Letter Re: Lessons from the Yazoo City Tornado

Dear Editor:
I have been reading your blog for a while but until Saturday, I never saw how a disaster could unhinge some people so quickly and what lack of preparedness can do to some people.

I went to deliver a chainsaw, some gas and water to a relative in Yazoo City and what is usually a 45 minute drive took over 2 hours. Land lines and cell towers were down, and if you had a phone with a certain carrier, the service was very spotty. The traffic was bad and the roads into the town were blocked and we were turned away twice by a motley group of authorities but mostly State police. One local deputy was sympathetic and told us a way to get in the town that was 35 miles out of our way and we eventually got close to the north side of town and we had to drive over live power lines and swerve around transformers. We got to the entrance of town and there were two State troopers blocking the exit but we told them we were delivering some supplies and they let us through. Eventually, we reached the home and there were trees and power lines everywhere. No power, no gas lines, homes and cars crushed, etc. One generator was being shared by neighbors and gas was being siphoned out of boats and cars to power it. There was one electric chainsaw that was plugged into the generator.

Things to note were that the authorities were very stressed out and not experienced with this kind of devastation and there were many people who tried to get to loved ones or family that couldn’t get past the road blocks. Some people just left their cars on the sides of the road and were allowed to walk into town. One lady drove around the roadblock and was chased by a cop car. There were people panicking and the Red Cross got there and all they were doing was handing out water bottles. The power company was only responsible for getting the trees off the power lines. You could see people just staring at their crushed homes and houses wondering what to do. There were cops on four wheeler ATVs just riding around and eventually the National Guard showed up but they were just driving around.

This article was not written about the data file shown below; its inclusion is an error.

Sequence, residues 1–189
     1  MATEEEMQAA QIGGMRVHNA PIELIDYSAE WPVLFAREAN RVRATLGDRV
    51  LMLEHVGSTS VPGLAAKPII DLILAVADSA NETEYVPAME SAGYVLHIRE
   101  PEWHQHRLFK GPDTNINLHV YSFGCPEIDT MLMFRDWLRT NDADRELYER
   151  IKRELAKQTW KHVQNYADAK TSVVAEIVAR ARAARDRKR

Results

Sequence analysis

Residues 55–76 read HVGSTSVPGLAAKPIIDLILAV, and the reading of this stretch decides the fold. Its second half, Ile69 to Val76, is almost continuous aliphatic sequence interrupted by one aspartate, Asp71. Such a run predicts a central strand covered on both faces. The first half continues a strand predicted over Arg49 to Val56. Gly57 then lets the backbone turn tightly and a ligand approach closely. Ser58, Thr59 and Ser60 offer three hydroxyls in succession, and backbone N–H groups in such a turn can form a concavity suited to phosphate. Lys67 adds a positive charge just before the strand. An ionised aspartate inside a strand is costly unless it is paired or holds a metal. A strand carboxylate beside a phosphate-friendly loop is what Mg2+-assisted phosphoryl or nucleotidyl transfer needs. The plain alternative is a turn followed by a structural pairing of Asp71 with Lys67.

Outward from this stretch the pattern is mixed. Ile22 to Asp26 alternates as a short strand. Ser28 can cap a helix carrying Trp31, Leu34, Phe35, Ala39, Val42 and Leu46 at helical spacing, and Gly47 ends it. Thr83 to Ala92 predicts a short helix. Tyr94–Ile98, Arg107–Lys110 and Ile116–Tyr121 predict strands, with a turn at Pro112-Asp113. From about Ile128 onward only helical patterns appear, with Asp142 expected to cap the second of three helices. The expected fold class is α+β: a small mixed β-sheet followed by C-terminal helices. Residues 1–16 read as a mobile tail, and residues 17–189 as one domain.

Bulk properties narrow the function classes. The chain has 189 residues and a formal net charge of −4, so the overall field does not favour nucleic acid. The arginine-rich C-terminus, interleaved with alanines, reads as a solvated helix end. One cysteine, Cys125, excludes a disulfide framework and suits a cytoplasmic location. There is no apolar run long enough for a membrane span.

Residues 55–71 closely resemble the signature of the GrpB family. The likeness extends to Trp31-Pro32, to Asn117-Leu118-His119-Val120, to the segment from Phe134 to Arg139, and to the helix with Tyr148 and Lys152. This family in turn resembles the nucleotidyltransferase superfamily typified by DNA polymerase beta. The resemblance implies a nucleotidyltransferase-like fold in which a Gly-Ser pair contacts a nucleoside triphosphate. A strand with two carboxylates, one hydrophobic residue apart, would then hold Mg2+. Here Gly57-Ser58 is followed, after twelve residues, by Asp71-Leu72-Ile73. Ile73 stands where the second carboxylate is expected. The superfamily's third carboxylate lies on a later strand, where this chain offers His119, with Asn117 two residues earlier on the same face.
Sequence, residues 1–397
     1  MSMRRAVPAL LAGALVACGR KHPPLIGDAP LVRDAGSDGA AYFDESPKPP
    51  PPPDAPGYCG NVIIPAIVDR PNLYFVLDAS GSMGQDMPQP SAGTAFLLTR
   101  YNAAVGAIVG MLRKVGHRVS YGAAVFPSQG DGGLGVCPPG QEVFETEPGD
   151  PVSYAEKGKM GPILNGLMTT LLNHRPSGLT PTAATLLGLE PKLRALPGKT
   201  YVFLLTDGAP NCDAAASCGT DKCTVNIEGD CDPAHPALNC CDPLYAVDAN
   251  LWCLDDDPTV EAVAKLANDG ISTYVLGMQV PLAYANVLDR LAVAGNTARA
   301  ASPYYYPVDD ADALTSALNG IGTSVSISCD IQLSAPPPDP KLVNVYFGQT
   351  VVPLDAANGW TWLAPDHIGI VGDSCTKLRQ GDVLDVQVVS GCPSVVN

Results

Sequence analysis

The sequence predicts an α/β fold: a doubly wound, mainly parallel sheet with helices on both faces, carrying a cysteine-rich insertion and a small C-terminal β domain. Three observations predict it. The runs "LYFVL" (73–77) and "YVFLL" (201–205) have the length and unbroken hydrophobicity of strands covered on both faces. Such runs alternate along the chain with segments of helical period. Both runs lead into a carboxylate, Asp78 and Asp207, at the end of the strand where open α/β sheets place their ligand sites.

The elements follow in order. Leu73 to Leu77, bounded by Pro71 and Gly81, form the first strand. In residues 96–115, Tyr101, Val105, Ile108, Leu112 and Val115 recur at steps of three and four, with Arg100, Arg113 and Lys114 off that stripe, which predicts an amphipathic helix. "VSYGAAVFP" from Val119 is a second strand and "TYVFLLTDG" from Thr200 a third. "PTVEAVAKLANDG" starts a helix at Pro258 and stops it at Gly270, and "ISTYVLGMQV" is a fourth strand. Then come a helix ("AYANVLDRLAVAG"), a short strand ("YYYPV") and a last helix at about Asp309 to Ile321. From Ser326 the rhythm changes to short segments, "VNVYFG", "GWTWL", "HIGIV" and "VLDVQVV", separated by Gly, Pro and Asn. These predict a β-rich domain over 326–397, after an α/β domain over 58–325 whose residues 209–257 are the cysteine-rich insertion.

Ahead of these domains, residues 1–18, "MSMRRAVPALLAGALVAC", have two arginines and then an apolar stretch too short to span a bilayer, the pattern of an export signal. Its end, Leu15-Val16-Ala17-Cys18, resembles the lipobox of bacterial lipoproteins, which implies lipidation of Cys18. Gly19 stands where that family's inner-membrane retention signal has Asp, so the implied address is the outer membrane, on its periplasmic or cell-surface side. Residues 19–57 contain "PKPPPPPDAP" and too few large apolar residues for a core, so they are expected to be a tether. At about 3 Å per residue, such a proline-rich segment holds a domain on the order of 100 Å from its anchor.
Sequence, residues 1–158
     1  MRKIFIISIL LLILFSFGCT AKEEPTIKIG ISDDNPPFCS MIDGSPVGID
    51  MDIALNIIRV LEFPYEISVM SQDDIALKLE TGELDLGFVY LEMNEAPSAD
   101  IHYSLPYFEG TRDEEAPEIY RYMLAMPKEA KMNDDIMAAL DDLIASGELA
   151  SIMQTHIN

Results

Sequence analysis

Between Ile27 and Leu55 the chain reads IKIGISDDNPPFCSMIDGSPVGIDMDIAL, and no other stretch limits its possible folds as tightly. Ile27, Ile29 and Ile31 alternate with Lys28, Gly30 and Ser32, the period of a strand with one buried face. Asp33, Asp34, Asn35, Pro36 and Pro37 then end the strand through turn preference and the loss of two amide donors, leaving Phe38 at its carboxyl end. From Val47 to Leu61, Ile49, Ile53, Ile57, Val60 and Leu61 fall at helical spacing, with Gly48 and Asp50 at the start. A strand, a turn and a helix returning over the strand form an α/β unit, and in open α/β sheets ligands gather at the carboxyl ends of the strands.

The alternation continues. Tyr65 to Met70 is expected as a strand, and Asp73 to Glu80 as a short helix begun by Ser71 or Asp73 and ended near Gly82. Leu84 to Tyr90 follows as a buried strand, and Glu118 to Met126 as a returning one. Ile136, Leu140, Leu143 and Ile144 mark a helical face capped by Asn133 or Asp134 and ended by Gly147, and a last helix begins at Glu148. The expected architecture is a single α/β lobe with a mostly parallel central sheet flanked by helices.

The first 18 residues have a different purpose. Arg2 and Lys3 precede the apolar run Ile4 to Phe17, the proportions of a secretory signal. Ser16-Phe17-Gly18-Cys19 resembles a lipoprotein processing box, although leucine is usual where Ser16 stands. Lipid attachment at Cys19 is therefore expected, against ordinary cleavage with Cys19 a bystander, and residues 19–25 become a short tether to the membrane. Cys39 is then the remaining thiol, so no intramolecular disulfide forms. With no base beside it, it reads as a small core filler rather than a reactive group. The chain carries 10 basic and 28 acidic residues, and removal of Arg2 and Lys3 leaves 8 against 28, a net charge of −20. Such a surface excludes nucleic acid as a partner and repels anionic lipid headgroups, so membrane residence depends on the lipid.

Some lessons learned:

No one is getting into town right after a disaster

Have a big chainsaw and make sure there are no trees in your yard

Have a four-wheeler and a 15 foot trailer to haul out pieces of debris from your home/yard

Have a siphon and a generator

Know how to turn off your gas in your home because live wires and natural gas don’t mix

Know beforehand that the authorities are not there to help you but to maintain order and the power company is not going to cut down that tree that is now in your dining room.

Brick homes fare better than stick ones

Anticipate that neighbors are going to freak out and run around like chickens with their heads cut off and try to do silly things like get in their cars and drive over debris in the road and get stuck and pop their tires.

Have gloves and chains in your truck and keep a full tank of gas at all times. Some people ran out of gas in the traffic.

Realize that tensions are going to be high and seeing weird things like one group of people having a barbecue and getting drunk and across the street one family was sitting on the lawn waiting for help is a recipe for a bad situation. I saw a kid in the road trying to flag us down and there were some guys leaning up against a house a bit out of sight. We just drove around him. I couldn’t believe that it was already getting strange and the tornado was only a few hours earlier.

So in a nutshell, that was my experience and one more thing, the tornado hit so fast that the siren didn’t give enough warning. And what was worse, people are conditioned to think the siren means thunderstorm or it could be a test or something else. So no one was prepared until they heard the freight train sound and with no one having basements in Mississippi, there isn’t really a safe place to be.

Sincerely, – James H.